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Kuwait 2018 | CONSTRUCTION & REAL ESTATE | INTERVIEW

TBY talks to Ghosson Ghassan Al-Khaled, Deputy CEO of ACICO, on the corporate culture at ACICO, female empowerment, and the private-public dynamic.

Ghosson Ghassan Al-Khaled
BIOGRAPHY
Ghosson Ghassan Al-Khaled currently holds the position of a Deputy CEO of ACICO. She holds a bachelor’s degree in civil engineering and construction management from Kuwait University and a master’s degree in building science from the University of Southern California. Moreover, she holds an executive MBA from Thunderbird School of Global Management in Arizona. In 2017, the World Economic Forum selected Ghosson to join its Young Global Leaders during a five-year leadership journey aimed at finding solutions for the world’s economic challenges. At a state level, also in 2017, Ghosson was appointed a member to Kuwait’s Supreme Council for Planning and Development, contributing to the shaping of policies toward achieving Kuwait’s 2035 Vision. She has been repeatedly selected among the most powerful Arab women, by Arabian Business Magazine and Forbes Magazine.

How would you define the corporate culture at ACICO?

The corporate culture at ACICO is defined by transparency and open communication. These values are deep rooted, as they were developed when we started off as a small family business. Over time ACICO grew to become a medium-sized, publicly listed company with 4,200 employees, but we made sure to stay true to the values on which we were founded and applied them from top to bottom. Diversity is another important element of our corporate culture. I believe that diversity in a company proves that employees are treated equally, which is an important value that I inherited from my father. At ACICO continually look to diversify our workforce in order to further strengthen our corporate culture. We look into how our employees can add value to the company. Leadership is crucial in this regard; if the decision makers in a company believe in diversity and empowering women, it will be achieved—and it is crucial that leaders lead by example.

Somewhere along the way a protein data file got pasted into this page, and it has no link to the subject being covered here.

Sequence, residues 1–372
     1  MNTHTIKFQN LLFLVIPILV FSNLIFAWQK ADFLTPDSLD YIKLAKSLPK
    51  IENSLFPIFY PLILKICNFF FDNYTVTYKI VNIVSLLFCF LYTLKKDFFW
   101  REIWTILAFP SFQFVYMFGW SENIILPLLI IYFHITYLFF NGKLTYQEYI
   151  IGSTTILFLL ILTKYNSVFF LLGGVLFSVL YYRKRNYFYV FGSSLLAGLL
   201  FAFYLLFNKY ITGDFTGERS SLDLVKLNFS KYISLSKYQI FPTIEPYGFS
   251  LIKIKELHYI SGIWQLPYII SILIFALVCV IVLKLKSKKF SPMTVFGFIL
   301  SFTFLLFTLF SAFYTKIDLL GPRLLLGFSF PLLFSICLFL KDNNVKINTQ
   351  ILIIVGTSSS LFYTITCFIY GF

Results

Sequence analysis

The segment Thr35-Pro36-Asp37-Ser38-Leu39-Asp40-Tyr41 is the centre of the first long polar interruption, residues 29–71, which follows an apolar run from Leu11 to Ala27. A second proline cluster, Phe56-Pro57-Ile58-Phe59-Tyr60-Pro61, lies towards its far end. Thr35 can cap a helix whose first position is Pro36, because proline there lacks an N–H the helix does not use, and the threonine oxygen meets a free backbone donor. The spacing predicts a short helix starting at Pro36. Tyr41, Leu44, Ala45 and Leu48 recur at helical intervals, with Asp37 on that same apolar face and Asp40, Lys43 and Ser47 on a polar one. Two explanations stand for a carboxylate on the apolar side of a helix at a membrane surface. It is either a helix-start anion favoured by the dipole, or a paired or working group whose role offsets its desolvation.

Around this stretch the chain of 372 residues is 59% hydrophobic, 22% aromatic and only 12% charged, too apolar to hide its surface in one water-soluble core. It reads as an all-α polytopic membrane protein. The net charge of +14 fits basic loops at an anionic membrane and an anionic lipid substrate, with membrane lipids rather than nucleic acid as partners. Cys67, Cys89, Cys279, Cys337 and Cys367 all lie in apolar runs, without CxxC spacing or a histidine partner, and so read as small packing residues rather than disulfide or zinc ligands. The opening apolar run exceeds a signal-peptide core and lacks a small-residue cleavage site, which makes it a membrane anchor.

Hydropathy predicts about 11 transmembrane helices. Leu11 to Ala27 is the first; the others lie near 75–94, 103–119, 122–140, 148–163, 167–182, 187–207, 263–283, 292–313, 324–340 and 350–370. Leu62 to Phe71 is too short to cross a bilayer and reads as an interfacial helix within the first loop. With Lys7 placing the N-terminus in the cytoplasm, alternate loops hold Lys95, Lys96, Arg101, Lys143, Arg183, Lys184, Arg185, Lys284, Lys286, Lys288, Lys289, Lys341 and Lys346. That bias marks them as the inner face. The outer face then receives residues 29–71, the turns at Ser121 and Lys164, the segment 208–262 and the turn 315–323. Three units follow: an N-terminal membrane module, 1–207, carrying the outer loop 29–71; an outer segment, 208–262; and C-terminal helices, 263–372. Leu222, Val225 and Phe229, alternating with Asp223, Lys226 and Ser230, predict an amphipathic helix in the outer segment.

How is ACICO contributing to female empowerment?

I started as a civil engineer and gradually moved up the career ladder to obtain a management position. Last year, I was promoted to Deputy CEO. One of the first things I did when I got promoted was hire a female director for ACICO's HR Group. This is a direct approach to empowering more women in the workplace and promoting gender diversity. The results to this approach are immediate. In the past year we have hired more women in different positions and departments and we are looking to increasing the numbers across the group.

Does the strong government investment in housing create opportunities for ACICO?

The private sector is always eager to support state projects, and we have always been ready to assist governments in its housing development strategies. Currently, we provide support to construction and housing development projects through our operations in Kuwait, Saudi Arabia, Qatar, and Dubai. In Kuwait, ACICO's strategy is to support the state's vision and plans. In terms of housing projects, so far we have built more than 7,000 homes and we have the capacity to increase that number. Our building system allows us to build house frames in in our factory in just three days. An entire villa takes an average of seven months as a turnkey project. In terms of infrastructure, we have the capacity to support the government's plans to expand in roads and bridges to link the new cities of Kuwait.

What are your expectations for the year ahead?

We are proud to have maintained sustained growth for our shareholders. I am optimistic about the coming year as we aim to continue to support the development projects of the countries we operate in.